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Shocking Unions support keeping British teachers low paid in crummy conditions.

Discussion in 'Education news' started by binaryhex, Jun 25, 2018.

  1. binaryhex

    binaryhex Lead commenter

  2. sparkleghirl

    sparkleghirl Star commenter

    The Unions lost power because too many teachers stopped supporting them. Chickens coming home to roost.
     
  3. teachntravel

    teachntravel New commenter

    I wouldn't look at it like this at all, but perhaps because I am indeed an overseas, out of UK/EU teacher.
    It is a fact that there are not enough teachers to fill positions here, and there is a massive recruitment crisis. It is a fact that in other countries, such as Canada (where I am from) there is a massive teacher surplus and many teachers are finding themselves without work. If they want to put the work in, come here and work in a job that neither a UK or an EU teacher want, it shouldn't be an issue.
    And yes, employers have to prove that a UK or EU citizen didn't even apply to the post before they can allocate it to a non-EU or UK citizen. I know when I got my job, they had no applicants, and they even advertised twice to prove it for the labour market test.
    I think that this movement is in an effort to solve recruitment and retention problems across the country.
     
  4. moscowbore

    moscowbore Occasional commenter

    "Tes has today launched a campaign ..."

    Since when did TES give a monkey's **** about teachers?

    TES has never published a story about the outrageous misappropriation of academy funds, never published a story about the criminal behaviour of international schools, never criticised OFSTED for inconsistent or daft judgements, never publicised the true effects of the cuts to schools budgets ...... I could go on.

    Now all of a sudden they care? Yeah, right.
     
  5. Jolly_Roger15

    Jolly_Roger15 Lead commenter

    There is a massive surplus of teachers in Britain, @teachntravel. Of what there might be a shortage is the sort of teachers schools want to employ, which excludes expensive, experienced teachers, great numbers of which have been combed out of the profession in recent years, and those coming out of training colleges, seeking their first jobs.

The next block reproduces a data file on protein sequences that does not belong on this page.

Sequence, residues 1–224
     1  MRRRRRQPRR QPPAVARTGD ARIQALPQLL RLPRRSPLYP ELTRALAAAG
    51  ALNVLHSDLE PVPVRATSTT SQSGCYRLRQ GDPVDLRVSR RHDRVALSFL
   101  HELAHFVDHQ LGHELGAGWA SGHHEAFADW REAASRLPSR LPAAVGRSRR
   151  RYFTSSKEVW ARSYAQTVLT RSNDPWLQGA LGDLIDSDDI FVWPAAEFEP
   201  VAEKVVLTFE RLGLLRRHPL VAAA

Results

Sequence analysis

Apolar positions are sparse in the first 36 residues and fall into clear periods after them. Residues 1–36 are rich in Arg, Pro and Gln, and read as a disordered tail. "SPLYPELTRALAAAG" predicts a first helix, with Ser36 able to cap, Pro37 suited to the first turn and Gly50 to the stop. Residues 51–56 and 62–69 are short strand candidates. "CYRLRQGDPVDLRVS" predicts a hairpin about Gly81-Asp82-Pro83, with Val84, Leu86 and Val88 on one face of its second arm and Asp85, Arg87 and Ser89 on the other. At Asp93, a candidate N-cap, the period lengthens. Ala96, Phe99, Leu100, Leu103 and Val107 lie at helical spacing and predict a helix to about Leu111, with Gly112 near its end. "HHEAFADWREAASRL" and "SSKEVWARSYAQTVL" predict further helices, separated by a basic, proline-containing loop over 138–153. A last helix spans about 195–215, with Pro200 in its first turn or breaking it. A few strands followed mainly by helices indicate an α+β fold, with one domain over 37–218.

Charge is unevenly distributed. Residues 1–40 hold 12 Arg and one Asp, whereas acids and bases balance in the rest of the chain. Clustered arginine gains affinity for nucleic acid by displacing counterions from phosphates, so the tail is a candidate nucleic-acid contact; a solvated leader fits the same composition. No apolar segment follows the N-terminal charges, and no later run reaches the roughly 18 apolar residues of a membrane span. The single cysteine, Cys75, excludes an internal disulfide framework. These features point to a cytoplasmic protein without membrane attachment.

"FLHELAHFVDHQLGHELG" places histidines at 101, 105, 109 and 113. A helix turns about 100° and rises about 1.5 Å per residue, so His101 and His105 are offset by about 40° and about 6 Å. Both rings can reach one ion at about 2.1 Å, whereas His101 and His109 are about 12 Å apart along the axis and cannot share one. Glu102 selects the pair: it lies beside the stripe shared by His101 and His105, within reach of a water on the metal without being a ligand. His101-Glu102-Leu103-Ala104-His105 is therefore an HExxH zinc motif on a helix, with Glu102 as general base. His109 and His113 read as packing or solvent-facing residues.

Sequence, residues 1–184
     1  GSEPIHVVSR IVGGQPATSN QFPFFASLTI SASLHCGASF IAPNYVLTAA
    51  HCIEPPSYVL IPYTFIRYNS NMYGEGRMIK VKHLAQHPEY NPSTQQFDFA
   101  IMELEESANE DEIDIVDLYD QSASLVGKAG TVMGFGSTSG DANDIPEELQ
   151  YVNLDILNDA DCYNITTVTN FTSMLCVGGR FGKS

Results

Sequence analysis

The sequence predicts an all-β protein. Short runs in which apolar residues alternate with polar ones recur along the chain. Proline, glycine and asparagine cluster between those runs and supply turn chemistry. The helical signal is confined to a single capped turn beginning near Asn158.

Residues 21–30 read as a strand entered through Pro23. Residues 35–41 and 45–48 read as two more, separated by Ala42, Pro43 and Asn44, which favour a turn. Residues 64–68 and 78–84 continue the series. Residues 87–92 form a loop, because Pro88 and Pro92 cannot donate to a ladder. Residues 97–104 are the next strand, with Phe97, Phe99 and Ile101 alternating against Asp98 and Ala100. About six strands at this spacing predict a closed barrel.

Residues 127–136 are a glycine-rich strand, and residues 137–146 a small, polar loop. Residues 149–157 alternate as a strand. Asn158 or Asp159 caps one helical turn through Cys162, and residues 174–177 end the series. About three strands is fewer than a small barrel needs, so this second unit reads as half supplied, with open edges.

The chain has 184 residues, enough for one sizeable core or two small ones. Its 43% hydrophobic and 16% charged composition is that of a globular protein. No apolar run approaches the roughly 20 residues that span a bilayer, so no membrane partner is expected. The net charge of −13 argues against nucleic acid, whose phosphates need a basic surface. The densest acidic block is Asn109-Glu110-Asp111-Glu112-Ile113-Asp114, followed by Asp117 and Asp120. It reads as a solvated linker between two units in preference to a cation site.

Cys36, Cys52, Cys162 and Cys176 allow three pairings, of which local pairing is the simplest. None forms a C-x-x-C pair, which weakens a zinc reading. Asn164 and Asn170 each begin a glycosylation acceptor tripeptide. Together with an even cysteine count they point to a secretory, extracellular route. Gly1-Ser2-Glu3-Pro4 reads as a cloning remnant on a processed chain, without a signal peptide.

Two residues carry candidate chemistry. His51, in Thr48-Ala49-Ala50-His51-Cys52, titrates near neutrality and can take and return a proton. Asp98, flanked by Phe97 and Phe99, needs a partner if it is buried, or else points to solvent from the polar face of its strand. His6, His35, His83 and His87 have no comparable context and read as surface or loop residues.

I agree with you, @moscowbore. There should enough elephants to fill the Serengeti in the TES editorial room.
     
  6. Jamvic

    Jamvic Occasional commenter

    Members of the general public will be so confused by this issue. After all didn’t those teacher recruitment advertisements seen on TV a while back say that teachers were earning 65K.
     
  7. henrycreswicke

    henrycreswicke Occasional commenter

    When I read "let them teach", I mistakenly thought the teaching profession was finally coming round to its senses: wanting to allow teachers to get on and do their job free from observation and scrutiny.

    How wrong I was.
     
    Mrsmumbles, hammie and teachntravel like this.
  8. teachntravel

    teachntravel New commenter

    I understand what you are saying, @Jolly_Roger15 , and I don't disagree that experienced, seasoned teachers are leaving in droves, often because of the expense of keeping them. But schools that are sponsoring these people are agreeing to pay them the appropriate wages, and have to by law.
     
  9. peapicker

    peapicker Star commenter

    Mrsmumbles and schoolsout4summer like this.
  10. binaryhex

    binaryhex Lead commenter

    agathamorse and BetterNow like this.
  11. Rott Weiler

    Rott Weiler Star commenter Forum guide

    TES has published stories about all those things (except maybe international schools). They crop up in TES all the time. Are you sure we read the same magazine?
     
    chelsea2 and tonymars like this.
  12. peapicker

    peapicker Star commenter

  13. SEBREGIS

    SEBREGIS Senior commenter

    Sorry, perhaps I'm grabbing the wrong end of the stick here -

    Is your point that the teaching unions should only be campaigning for the rights of British teachers, rather than trying to prevent unfair treatment of international teachers as well? And that by making all subjects shortage subjects, we will undermine British teachers by allowing schools to recruit overseas? Which results in them employing cheap labour from overseas rather than paying more for older, experienced staff here already?
     
  14. teachntravel

    teachntravel New commenter

    @SEBREGIS you have summed up the points I was trying (albeit, badly) to make. International teachers aren't taking jobs from British teachers, because that can't actually happen in the immigration process. As an international teacher myself, I applaud TES and the Unions for trying to push the idea of making teaching a shortage occupation; that doesn't mean people will waltz right in, but people will have an easier time of it should they apply and want to be there. International teachers are paid the same as British teachers, we are certainly not "cheap labour", but likely what is being implied is they are young teachers who are just starting their careers, who thus would come cheaper than teachers here who have been teaching a long time.